The inaugural Truckee Meadows Healthy Communities Conference opens dialogue about building healthier communities.
A healthy community doesn’t begin with treatment when you’re ill at the hospital or a doctor’s office. It’s about prevention, maintenance and utilizing local resources to maintain your health. It starts with you.
With this focus, Truckee Meadows Healthy Communities (TMHC) hosted its inaugural conference Jan. 8 in Reno bringing together local and regional leaders from public, private and non-profit sectors.
During the conference, the Community Health Needs Assessment was unveiled. The document provides additional insight into the health needs of our residents, as well as the social circumstances impacting health in our region
The conference also served as a platform to address local health disparities and begin conversations about how community engagement can improve health and quality of life in Truckee Meadows. Robust discussions and presentations highlighted that good health isn’t just about diet and exercise. It includes many sectors — health, community development, education — working in tandem to improve community health and quality of life. More than 200 attendees heard from national and local speakers regarding building healthier communities and learned successful best practices implemented by other communities.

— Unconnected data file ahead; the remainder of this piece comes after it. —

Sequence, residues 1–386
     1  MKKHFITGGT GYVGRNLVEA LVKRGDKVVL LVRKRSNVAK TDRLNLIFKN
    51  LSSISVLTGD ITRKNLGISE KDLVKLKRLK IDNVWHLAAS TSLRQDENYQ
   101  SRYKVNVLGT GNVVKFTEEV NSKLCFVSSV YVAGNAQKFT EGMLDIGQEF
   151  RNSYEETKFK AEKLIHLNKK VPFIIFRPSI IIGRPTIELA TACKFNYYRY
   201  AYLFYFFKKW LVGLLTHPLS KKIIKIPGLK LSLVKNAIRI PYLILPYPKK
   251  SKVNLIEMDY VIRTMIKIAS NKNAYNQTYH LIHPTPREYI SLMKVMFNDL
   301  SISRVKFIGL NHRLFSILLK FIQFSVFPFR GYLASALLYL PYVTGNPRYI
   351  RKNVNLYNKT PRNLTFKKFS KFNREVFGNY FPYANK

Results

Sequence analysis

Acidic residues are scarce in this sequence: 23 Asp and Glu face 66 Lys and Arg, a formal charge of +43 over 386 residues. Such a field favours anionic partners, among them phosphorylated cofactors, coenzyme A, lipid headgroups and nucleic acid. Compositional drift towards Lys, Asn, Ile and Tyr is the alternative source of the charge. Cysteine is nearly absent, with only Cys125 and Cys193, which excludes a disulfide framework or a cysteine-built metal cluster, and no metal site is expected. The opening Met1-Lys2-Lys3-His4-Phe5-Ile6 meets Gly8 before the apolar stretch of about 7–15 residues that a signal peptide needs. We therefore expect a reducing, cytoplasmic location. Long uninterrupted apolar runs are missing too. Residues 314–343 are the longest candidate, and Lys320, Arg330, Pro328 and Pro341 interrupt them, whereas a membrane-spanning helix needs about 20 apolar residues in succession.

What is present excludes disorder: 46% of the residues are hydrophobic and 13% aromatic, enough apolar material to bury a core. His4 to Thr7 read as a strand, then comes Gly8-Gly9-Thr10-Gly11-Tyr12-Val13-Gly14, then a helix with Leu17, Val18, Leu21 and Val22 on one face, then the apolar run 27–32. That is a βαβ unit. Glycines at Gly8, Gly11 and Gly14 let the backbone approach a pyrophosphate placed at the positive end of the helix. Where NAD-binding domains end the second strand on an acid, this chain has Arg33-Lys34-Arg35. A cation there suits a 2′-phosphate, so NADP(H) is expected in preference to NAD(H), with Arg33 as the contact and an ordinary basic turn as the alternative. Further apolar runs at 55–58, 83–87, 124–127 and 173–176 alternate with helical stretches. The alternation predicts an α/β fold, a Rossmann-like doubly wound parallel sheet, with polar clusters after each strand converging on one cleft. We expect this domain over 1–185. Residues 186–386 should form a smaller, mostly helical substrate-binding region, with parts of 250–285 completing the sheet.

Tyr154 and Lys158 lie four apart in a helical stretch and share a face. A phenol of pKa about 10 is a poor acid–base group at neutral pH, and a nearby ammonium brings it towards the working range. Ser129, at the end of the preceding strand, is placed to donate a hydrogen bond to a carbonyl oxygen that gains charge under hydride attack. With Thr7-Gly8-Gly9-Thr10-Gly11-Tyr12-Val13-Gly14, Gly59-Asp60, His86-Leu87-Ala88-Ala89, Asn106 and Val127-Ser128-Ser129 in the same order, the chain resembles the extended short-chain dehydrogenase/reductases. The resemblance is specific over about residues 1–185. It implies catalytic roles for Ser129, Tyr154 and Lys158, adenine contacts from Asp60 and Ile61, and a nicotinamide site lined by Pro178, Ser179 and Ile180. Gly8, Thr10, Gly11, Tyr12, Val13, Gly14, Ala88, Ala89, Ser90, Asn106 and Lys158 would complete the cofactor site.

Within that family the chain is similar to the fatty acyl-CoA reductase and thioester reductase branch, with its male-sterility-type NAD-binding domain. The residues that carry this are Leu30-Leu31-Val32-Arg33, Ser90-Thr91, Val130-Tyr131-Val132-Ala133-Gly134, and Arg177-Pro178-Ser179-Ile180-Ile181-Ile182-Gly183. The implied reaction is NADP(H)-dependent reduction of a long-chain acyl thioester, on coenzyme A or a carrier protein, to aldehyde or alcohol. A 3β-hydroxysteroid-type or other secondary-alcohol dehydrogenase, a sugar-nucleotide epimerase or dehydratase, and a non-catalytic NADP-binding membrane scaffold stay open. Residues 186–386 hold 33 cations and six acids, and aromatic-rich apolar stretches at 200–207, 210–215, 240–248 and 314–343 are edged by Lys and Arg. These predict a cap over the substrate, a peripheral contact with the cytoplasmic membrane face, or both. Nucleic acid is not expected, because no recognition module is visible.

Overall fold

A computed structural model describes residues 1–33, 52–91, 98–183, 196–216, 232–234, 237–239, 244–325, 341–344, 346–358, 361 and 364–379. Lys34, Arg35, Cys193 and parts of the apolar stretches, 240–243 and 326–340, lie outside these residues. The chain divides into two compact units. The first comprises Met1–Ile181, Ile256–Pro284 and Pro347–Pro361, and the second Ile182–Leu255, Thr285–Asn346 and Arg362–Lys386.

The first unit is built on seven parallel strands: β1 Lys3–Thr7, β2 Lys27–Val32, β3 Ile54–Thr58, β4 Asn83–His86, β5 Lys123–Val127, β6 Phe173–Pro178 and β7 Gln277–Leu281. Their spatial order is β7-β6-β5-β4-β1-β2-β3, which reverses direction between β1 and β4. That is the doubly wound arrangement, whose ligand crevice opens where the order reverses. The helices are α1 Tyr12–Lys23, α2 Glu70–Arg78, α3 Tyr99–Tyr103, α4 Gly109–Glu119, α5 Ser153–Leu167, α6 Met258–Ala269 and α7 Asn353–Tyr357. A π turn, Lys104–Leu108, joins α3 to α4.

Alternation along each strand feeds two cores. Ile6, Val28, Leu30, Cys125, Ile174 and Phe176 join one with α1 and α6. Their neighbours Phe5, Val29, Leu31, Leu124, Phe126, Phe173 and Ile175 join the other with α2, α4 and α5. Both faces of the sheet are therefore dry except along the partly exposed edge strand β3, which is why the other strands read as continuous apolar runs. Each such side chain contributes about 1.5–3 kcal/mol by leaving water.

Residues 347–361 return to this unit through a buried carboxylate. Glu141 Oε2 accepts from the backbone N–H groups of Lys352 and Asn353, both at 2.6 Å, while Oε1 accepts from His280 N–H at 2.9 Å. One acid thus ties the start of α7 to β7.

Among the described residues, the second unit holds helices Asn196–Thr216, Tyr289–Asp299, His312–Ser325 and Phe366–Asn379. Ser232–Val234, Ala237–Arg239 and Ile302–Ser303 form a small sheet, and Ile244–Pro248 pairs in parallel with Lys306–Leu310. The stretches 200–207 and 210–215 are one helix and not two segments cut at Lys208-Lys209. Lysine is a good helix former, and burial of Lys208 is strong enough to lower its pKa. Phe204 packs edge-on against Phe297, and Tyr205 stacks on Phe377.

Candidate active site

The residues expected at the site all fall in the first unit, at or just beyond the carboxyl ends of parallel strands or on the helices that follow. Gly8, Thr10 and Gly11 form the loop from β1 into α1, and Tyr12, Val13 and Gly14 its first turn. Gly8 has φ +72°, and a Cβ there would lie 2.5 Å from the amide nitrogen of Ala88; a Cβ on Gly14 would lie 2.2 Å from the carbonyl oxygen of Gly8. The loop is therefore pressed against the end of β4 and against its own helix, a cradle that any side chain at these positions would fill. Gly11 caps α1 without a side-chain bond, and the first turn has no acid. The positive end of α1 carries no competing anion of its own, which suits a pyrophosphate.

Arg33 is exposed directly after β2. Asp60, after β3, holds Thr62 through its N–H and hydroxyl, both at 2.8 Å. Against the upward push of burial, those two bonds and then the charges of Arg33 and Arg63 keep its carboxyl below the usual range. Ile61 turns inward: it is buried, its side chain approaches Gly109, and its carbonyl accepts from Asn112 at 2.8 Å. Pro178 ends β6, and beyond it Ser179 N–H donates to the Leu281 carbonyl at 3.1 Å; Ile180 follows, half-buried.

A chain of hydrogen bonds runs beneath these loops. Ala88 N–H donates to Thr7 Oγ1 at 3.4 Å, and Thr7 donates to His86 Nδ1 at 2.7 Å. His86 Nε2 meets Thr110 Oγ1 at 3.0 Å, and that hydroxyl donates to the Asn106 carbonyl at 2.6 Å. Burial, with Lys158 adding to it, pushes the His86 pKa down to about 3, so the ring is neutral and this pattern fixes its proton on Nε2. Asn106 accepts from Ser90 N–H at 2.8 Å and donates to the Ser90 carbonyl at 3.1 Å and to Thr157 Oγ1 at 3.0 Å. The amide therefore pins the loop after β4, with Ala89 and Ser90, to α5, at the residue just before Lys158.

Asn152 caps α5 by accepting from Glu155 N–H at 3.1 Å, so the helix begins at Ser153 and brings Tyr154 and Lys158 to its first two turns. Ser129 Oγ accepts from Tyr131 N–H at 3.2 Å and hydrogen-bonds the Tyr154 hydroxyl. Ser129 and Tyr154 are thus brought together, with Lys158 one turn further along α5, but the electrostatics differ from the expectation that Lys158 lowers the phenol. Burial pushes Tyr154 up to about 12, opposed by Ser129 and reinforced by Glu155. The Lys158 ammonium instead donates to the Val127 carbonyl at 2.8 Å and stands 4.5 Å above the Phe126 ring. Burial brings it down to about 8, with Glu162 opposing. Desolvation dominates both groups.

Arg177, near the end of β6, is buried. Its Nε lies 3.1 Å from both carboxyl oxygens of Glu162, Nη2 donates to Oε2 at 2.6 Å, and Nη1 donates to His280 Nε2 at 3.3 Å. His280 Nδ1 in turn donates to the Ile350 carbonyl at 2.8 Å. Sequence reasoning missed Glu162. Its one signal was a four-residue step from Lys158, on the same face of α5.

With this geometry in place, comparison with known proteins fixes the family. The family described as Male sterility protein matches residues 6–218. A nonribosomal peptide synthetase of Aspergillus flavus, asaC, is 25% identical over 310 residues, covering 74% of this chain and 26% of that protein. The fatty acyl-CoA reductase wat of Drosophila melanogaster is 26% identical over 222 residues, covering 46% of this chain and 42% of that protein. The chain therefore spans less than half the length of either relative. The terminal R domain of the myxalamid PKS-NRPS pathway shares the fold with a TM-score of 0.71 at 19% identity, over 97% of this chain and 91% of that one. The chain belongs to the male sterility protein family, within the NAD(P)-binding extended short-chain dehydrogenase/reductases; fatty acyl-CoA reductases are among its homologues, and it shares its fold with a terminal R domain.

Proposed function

We chatted with a handful of attendees to find out their reaction to the event, posing the following question: What is the one message you walked away with from today’s Conference?
Here’s what they had to say:
CEO and President
United Way of Northern Nevada and the Sierra
“I feel enthusiasm and hope for a healthier community.”
“It’s important to understand that the people in our community have multiple needs to be healthy. We must collaborate to make that happen.”
“We have come to recognize that our work needs to be focused more on delivery of care outside of the hospital. If we are to be successful in improving the health of the county, we need to partner and collaborate with other organizations in the community.”